path                   : /home/runner/work/gammapy-docs/gammapy-docs/gammapy/.tox/build_docs/lib/python3.9/site-packages/gammapy


Other packages:

        numpy                  : 1.26.4
        scipy                  : 1.12.0
        astropy                : 5.2.2
        regions                : 0.8
        click                  : 8.1.7
        yaml                   : 6.0.1
        IPython                : 8.18.1
        jupyterlab             : not installed
        matplotlib             : 3.8.3
        pandas                 : not installed
        healpy                 : 1.16.6
        iminuit                : 2.25.2
        sherpa                 : 4.16.0
        naima                  : 0.10.0
        emcee                  : 3.1.4
        corner                 : 2.2.2
        ray                    : 2.9.3


Gammapy environment variables:

        GAMMAPY_DATA           : /home/runner/work/gammapy-docs/gammapy-docs/gammapy-datasets/dev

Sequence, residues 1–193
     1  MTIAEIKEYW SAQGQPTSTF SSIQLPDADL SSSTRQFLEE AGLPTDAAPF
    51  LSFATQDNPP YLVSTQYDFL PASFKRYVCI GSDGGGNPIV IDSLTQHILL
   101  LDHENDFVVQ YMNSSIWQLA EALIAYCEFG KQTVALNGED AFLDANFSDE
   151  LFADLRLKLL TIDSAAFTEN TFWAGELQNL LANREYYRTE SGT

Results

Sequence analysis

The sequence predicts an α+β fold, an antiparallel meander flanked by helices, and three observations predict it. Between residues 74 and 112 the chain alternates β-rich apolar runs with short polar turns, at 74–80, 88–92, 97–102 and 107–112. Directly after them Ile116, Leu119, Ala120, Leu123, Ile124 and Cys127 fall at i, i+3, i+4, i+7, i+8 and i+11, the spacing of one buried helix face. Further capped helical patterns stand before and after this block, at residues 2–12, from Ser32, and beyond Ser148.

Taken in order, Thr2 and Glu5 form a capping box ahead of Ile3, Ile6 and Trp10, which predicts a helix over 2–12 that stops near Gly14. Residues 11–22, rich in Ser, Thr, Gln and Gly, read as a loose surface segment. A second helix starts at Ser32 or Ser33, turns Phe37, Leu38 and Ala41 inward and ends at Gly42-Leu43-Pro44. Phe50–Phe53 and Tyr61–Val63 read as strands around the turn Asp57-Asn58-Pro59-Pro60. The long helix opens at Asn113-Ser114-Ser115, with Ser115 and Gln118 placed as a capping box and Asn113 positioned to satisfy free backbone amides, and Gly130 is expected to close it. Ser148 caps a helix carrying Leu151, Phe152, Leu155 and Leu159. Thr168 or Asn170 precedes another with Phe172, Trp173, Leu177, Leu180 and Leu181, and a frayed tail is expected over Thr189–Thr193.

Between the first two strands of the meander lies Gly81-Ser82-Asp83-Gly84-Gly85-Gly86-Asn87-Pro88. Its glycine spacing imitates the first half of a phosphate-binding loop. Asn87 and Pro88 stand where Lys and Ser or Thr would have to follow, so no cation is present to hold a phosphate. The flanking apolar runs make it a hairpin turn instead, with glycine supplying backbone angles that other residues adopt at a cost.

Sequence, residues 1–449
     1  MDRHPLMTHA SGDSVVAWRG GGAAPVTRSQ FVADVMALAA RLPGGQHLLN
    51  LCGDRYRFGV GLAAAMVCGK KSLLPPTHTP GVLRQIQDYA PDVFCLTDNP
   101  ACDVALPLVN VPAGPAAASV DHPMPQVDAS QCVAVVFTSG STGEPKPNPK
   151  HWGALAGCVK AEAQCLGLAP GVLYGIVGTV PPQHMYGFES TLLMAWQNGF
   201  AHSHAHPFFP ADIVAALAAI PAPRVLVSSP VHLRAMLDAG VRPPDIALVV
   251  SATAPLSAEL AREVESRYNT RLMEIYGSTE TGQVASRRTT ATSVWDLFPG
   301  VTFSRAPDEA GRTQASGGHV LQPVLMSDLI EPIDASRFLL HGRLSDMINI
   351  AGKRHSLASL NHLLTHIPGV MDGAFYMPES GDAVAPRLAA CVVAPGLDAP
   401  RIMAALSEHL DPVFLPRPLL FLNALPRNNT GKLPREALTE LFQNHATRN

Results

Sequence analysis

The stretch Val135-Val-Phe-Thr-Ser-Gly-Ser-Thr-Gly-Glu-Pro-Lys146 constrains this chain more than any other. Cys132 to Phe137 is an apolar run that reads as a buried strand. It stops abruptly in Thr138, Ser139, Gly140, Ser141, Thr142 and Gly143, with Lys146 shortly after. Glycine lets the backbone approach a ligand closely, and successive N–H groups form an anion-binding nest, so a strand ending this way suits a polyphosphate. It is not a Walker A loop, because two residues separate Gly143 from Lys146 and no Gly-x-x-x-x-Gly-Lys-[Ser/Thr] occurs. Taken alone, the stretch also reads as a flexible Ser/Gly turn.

Select observations#

A Gammapy analysis usually starts by creating a DataStore and selecting observations.

This is shown in detail in other notebooks (see e.g. the Low level API tutorial), here we choose three observations near the Galactic Center.

data_store = DataStore.from_dir("$GAMMAPY_DATA/cta-1dc/index/gps")

# Just as a reminder: this is how to select observations
# from astropy.coordinates import SkyCoord
# table = data_store.obs_table
# pos_obs = SkyCoord(table['GLON_PNT'], table['GLAT_PNT'], frame='galactic', unit='deg')
# pos_target = SkyCoord(0, 0, frame='galactic', unit='deg')
# offset = pos_target.separation(pos_obs).deg
# mask = (1 < offset) & (offset < 2)
# table = table[mask]
# table.show_in_browser(jsviewer=True)

obs_id = [110380, 111140, 111159]
observations = data_store.get_observations(obs_id)

obs_cols = ["OBS_ID", "GLON_PNT", "GLAT_PNT", "LIVETIME"]
display(data_store.obs_table.select_obs_id(obs_id)[obs_cols])
OBS_ID      GLON_PNT           GLAT_PNT      LIVETIME
              deg                deg            s